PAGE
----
Cubical Homology Software by Bill Kalies

This Web page contains both binary and source code, documentation, and examples for the program chom written by Bill Kalies, which computes both Betti numbers and generators of the homology of full finite cubical complexes. The material found here is distributed with no warranty under the GNU General Public License: license.txt. All material is copyrighted (C) 1998-2003 by the author. All rights reserved.

If you have questions, please e-mail me at

Source Code: chom_source.tar

To compile in linux or solaris using GNU make and gcc compiler: first set the dimension in dim.h and then type make.

The matlab utilities and example files can be extracted from the binaries links below.

The chom program has been compiled and tested only under Linux and Solaris operating systems using the GNU gcc compiler (version 3.2).

From these files can be extracted (tar -xzf) the binary files chom2, chom3, and chom. These are the executable files for the main chom program for 2-dimensional, 3-dimensional, and 4-dimensional complexes respectively. The source code, can be compiled in any dimension. These tar files also contain several simple example input files and matlab routines for visualizing small cubical complexes and the homology generators computed by chom in 2 and 3 dimensions.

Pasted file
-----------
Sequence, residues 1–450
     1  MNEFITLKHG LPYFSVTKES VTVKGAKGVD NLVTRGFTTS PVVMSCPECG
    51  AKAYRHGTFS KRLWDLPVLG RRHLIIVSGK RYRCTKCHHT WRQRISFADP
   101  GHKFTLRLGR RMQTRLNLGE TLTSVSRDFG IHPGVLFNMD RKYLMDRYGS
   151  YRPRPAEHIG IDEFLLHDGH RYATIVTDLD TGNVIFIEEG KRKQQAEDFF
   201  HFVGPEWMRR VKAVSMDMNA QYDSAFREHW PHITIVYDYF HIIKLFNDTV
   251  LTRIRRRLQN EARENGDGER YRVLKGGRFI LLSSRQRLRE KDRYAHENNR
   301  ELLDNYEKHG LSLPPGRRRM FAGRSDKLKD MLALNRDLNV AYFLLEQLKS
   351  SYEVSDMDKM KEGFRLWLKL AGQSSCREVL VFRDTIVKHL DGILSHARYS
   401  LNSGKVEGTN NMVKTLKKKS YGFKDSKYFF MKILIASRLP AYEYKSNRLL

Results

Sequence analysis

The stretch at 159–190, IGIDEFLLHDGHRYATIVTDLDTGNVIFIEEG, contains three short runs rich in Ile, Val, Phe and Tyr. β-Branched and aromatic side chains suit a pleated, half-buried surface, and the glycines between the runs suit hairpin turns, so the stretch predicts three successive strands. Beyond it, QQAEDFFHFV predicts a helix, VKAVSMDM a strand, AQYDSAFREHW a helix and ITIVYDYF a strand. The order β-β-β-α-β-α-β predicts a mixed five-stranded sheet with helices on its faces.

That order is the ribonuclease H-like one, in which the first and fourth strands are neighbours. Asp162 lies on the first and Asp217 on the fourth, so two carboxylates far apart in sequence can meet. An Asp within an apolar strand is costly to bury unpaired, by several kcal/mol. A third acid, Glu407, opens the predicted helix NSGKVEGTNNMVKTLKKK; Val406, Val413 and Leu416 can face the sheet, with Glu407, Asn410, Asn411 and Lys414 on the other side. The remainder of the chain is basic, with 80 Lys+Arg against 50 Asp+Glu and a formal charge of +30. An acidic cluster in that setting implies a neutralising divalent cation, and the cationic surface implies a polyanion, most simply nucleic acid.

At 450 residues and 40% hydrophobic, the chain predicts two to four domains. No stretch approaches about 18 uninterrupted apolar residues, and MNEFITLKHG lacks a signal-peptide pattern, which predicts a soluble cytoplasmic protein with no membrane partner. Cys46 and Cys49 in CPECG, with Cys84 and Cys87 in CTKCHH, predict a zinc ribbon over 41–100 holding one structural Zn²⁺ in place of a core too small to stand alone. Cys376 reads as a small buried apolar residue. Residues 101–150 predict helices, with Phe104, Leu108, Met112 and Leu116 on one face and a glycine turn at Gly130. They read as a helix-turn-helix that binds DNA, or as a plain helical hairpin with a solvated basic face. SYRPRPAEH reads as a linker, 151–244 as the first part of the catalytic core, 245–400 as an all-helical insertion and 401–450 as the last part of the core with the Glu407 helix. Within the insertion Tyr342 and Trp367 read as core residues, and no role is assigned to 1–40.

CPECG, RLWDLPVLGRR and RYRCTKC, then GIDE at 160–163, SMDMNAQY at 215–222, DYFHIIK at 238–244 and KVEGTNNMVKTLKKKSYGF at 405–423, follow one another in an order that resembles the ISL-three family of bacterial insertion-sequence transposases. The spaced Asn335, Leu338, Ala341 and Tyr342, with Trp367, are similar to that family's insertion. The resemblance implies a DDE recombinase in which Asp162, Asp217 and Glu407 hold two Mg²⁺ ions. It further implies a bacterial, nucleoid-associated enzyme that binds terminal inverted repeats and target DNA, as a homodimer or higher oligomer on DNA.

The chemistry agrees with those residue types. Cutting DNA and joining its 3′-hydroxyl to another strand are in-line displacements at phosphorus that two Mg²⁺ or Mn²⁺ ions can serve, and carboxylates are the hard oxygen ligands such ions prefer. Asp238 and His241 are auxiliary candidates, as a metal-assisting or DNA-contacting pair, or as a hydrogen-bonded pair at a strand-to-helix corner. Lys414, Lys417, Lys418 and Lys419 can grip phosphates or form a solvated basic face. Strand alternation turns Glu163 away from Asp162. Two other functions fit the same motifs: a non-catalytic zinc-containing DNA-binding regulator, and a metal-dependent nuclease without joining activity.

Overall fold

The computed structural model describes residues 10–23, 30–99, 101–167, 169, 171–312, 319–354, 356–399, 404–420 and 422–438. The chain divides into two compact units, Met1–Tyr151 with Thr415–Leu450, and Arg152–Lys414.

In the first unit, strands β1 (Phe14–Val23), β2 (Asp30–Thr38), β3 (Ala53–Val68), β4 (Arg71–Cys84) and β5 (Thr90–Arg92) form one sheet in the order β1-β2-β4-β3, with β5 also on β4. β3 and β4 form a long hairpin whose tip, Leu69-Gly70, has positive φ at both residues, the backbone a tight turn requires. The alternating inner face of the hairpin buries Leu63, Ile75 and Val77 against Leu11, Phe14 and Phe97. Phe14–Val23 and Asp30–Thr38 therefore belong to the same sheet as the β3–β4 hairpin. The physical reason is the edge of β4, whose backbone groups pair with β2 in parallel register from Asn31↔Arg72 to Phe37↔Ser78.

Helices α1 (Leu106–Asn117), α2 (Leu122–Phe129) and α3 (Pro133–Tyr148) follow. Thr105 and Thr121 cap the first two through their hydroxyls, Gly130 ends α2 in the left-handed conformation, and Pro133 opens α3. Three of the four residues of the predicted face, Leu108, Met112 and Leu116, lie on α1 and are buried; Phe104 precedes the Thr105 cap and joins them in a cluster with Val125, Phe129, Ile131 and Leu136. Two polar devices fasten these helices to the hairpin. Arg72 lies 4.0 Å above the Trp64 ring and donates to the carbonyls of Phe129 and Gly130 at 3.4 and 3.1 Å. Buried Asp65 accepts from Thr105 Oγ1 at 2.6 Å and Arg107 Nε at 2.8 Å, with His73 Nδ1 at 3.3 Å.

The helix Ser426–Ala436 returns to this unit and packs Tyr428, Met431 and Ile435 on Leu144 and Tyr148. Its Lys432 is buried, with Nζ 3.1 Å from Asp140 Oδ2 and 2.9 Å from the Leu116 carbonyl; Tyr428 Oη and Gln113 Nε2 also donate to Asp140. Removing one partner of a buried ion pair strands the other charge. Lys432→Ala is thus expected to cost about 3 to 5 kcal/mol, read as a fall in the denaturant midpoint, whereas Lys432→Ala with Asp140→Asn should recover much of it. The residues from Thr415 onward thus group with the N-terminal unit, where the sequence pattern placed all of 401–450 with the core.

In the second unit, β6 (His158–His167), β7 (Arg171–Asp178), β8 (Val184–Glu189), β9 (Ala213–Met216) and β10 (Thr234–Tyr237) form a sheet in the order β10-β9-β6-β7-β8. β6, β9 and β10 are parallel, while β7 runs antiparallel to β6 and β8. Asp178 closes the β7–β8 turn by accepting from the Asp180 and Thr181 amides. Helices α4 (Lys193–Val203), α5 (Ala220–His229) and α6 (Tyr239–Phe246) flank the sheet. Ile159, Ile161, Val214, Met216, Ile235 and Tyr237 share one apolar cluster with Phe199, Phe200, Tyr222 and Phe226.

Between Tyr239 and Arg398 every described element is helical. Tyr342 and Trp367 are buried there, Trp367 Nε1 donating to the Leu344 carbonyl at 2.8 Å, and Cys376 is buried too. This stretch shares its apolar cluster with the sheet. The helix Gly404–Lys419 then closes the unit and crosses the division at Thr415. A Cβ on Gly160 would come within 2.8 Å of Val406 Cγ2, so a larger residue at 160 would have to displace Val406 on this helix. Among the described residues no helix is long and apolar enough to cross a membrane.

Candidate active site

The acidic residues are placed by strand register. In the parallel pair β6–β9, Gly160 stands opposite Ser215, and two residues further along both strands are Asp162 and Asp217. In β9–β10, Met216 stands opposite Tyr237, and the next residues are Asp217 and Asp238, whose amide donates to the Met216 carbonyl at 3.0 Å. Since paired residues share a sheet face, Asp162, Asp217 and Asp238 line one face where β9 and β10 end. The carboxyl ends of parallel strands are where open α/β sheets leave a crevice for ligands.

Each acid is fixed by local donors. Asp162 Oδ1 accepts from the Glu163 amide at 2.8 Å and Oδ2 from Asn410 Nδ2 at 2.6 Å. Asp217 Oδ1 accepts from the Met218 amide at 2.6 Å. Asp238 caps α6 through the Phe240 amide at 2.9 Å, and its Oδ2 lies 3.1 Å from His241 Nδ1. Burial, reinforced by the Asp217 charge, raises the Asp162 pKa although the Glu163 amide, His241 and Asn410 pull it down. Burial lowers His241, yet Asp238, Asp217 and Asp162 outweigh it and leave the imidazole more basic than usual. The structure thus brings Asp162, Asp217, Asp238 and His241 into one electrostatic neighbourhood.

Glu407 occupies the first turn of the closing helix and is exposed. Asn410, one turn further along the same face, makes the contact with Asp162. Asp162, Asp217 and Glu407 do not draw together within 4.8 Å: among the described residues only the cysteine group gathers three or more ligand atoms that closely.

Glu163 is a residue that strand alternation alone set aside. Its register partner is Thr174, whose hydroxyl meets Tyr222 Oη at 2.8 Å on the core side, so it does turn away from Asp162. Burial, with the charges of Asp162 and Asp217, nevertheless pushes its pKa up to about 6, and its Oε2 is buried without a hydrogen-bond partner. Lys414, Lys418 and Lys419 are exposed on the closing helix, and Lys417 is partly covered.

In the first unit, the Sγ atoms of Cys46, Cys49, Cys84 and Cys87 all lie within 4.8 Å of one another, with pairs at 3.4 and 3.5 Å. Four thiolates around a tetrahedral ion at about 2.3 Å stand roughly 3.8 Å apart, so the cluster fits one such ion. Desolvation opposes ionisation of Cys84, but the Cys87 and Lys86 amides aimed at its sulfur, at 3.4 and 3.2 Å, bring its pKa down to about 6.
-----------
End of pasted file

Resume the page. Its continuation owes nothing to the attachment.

The following file describes how to prepare an input file for chom, the options available when running chom, the format of the ouput, and how to use the matlab visualization tools: chom_documentation.pdf.

Chom is command-line driven with the following main options:

The Algorithm and Examples

The underlying idea behind chom is to move through a cubical complex in an organized way, to use the geometric location of cubes in the complex to reduce the complex incrementally, and to keep track only of cells which could contribute to homology generators. One advantage of this algorithm over other homology algorithms is that the entire complex is not constructed and stored in memory all at once; cubes are only created when needed and cells which cannot contribute to homology are discarded.  Chom has been used to compute the homology of complexes with millions of 2, 3, and 4 dimensional cubes. While it is possible to construct complexes for which the chom algorithm has quadratic running time in the number of simplices, in practice it is generally more efficient.  For an explanation of the algorithm on which chom is based, see the article Cubical approximation and computation of homology, Kalies, Mischaikow, and Watson, Banach Center Publications 47, pp. 115-131, 1999.  For an example where chom was used on a 3D image of a blood vessel, see the article Analysis of blood vessel topology by cubical homology, Niethammer, Stein, Kalies, Pilarczyk, Mischaikow, and Tannenbaum, Proceedings of International Conference on Image Processing 2002, vol 2, pp. 969-972, 2002.

Several, very simple example input files are included in the above tar files.